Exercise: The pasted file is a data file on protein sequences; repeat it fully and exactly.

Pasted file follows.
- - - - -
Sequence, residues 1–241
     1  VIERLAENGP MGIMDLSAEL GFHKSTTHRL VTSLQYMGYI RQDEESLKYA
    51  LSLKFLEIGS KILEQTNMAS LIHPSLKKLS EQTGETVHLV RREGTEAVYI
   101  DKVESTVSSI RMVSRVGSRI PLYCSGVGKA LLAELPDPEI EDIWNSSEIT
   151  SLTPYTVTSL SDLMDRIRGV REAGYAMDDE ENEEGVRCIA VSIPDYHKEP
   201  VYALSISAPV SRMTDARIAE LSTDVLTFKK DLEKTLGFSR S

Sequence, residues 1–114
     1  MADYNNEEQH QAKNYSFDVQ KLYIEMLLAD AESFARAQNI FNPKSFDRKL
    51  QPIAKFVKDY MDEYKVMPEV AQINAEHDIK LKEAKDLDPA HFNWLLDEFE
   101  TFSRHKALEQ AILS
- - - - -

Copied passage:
Sequence, residues 1–241
     1  VIERLAENGP MGIMDLSAEL GFHKSTTHRL VTSLQYMGYI RQDEESLKYA
    51  LSLKFLEIGS KILEQTNMAS LIHPSLKKLS EQTGETVHLV RREGTEAVYI
   101  DKVESTVSSI RMVSRVGSRI PLYCSGVGKA LLAELPDPEI EDIWNSSEIT
   151  SLTPYTVTSL SDLMDRIRGV REAGYAMDDE ENEEGVRCIA VSIPDYHKEP
   201  VYALSISAPV SRMTDARIAE LSTDVLTFKK DLEKTLGFSR S

Sequence, residues 1–114
     1  MADYNNEEQH QAKNYSFDVQ KLYIEMLLAD AESFARAQNI FNPKSFDRKL
    51  QPIAKFVKDY MDEYKVMPEV AQINAEHDIK LKEAKDLDPA HFNWLLDEFE
   101  TFSRHKALEQ AILS